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Cochrane Database Syst Rev. 2011 Sep 7;(9):CD005485. doi: 10.1002/14651858.CD005485.pub2.

Pressure-relieving devices for treating heel pressure ulcers.

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  • 1Leeds Teaching Hospitals NHS Trust, c/o 2nd Floor Stable Block, Old Trust HQ, Leeds General Infirmary, Great George St, Leeds, UK, LS1 3EX.

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Abstract

BACKGROUND:

Pressure ulcers are areas of localised damage to the skin and underlying tissue caused by pressure or shear. Pressure redistribution devices are used as part of the treatment to reduce the pressure on the ulcer. The anatomy of the heel and the susceptibility of the foot to vascular disease mean that pressure ulcers located there require a particular approach to pressure relief.

OBJECTIVES:

To determine the effects of pressure-relieving interventions for treating pressure ulcers on the heel.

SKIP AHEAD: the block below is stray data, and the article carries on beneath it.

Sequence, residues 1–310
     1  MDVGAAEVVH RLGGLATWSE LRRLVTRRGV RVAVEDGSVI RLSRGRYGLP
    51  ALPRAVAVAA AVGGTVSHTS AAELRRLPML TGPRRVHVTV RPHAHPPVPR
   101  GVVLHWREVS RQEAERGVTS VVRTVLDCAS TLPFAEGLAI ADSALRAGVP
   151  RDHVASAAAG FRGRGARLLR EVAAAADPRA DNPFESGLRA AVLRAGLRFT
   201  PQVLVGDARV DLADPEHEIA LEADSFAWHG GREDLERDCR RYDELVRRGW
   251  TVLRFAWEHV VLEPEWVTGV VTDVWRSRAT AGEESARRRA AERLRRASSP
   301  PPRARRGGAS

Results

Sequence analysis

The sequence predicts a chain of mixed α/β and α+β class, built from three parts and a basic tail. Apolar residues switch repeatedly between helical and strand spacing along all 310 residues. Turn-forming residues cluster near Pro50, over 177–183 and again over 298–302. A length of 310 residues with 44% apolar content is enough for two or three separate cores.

SEARCH STRATEGY:

We searched the Cochrane Wounds Group Specialised Register (searched 25 March 2011); The Cochrane Central Register of Controlled Trials (CENTRAL) (The Cochrane Library 2011, Issue 1); Ovid MEDLINE (1948 to March Week 3 2011); Ovid EMBASE (1980 to 2011 Week 12);Ovid MEDLINE (In-Process & Other Non-Indexed Citations March 29, 2011); and EBSCO CINAHL (1982 to 25 March 2011). We applied no language or publication date restrictions.

SELECTION CRITERIA:

We included randomised controlled trials (RCTs) that compared the effects of pressure-relieving devices on the healing of pressure ulcers of the heel. Participants were treated in any care setting. Interventions were any pressure-relieving devices including mattresses and specific heel devices.

DATA COLLECTION AND ANALYSIS:

Both review authors independently reviewed titles and abstracts and selected studies for inclusion. Both review authors independently extracted data and assessed studies for risk of bias.

MAIN RESULTS:

One study met the inclusion criteria. This study (141 participants) compared two mattress systems however losses to follow up were too great to permit reliable conclusions.

AUTHORS' CONCLUSIONS:

This review identified one small study at moderate to high risk of bias which provided no evidence to inform practice. More research is needed.

PMID:
21901698
[PubMed - indexed for MEDLINE]
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